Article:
Exeter, England-based friends Kirsty Barker, 28; Kate Salmon, 31; Rosalind West, 36; and Laura Try, 36, known as team Row for the Ocean, are taking on a lifechanging elemental adventure this December, all in the name of plastic.
The Talisker Whisky Atlantic Challenge will see the team race across the Atlantic against 30 other teams from all over the world. Starting at La Gomera in the Canary Islands, the foursome will row 3,000 miles across the ocean, whilst battling up to 40-foot waves to finish in Antigua in the Caribbean.
Row for the Ocean began in 2016, when three of the crew members, Barker, Salmon and West, became friends through Exeter Rowing Club. During their time training together, they realized their collective backgrounds would make them strong contenders in the race, and after meeting Try at an ocean rowing conference in 2017, their team was complete.
The team is taking on the adventure to help raise money and awareness for Surfers Against Sewage. The money raised will help the charity to invest in protecting and cleaning up the ocean environment, making sure it can be enjoyed by generations to come.
Alongside this, the friends are campaigning to turn Exeter into one of the U.K.’s first plastic-free cities, drastically reducing the amount of single-use plastics. Finally, during their outdoor training sessions, they are proactively collecting any rubbish they find around the coastline, contributing to their plastic-free legacy.
Barker, who grew up near the sea in Somerset, has had an interest in the outdoors from an early age; in contrast to Try, who only took up rowing as she approached age 30 and has recently completed a 1,800 mile row around Great Britain’s coastline. Barker studied oceans for more than seven years, researching oceanography at university and is now a scientific consultant for the Metropolitan Office. Finally, West is a physiotherapist who has been a keen rower since attending University of the West of England and spends much of her spare time by the sea, seeing first-hand the effects of plastics and rubbish on the coastlines and shores.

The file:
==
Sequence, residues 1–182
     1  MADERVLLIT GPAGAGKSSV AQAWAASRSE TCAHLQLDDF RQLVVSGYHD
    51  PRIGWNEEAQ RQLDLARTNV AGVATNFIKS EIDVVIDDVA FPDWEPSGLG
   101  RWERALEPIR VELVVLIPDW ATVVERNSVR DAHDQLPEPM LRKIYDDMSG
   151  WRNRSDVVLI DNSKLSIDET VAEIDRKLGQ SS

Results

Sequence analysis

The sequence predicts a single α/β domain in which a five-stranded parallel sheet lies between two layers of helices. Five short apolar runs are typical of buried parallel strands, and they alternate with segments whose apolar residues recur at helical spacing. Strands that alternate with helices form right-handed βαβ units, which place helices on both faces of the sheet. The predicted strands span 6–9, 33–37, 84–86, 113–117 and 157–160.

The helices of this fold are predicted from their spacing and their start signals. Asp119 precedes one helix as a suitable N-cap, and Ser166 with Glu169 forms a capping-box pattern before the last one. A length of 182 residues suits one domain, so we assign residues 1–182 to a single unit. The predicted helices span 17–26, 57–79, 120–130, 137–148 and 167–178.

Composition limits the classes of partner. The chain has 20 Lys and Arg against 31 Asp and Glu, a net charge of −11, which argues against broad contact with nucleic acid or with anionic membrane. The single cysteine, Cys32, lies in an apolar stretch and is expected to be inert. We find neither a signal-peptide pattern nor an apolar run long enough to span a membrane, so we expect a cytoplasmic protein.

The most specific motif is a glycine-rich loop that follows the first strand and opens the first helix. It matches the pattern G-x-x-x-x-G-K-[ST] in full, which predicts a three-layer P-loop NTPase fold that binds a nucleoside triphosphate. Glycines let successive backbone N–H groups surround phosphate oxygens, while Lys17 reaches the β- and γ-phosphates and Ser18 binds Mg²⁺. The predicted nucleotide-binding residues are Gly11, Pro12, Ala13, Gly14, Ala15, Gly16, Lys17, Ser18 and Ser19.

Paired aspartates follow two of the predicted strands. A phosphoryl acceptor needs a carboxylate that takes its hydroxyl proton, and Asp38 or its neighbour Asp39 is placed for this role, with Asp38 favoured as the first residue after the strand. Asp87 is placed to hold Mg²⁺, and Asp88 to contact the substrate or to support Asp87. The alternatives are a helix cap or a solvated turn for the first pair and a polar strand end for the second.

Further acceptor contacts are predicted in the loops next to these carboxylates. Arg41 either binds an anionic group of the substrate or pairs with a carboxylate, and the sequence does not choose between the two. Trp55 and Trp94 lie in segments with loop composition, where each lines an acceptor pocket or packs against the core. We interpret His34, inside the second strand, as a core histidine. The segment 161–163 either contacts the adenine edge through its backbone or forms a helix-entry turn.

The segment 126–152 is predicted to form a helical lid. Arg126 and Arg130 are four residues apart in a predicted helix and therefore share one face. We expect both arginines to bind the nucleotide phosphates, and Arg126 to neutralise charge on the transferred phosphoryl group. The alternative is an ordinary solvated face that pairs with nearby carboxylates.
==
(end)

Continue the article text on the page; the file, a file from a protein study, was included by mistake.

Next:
“We feel extremely lucky to be able to take on this amazing adventure and simultaneously give back to the environment, which is a huge passion of ours,” said Barker in a statement. “The race will really allow us to disconnect from our everyday routines and be at one with nature and the elements, as we work with the ocean to finish the race as fast as we can. We’re looking forward to the unique experiences we’ll face whilst at sea, and we’re hoping to come back even more inspired to continue our hard work protecting coastlines from plastic pollution.”
Alongside the physical challenge, the team will have to work together to stay mentally strong as they spend Christmas Day and New Year’s Eve away from their families during this journey, which usually lasts anywhere between 30 and 90 days. Those interested can track the progress of teams in the race here.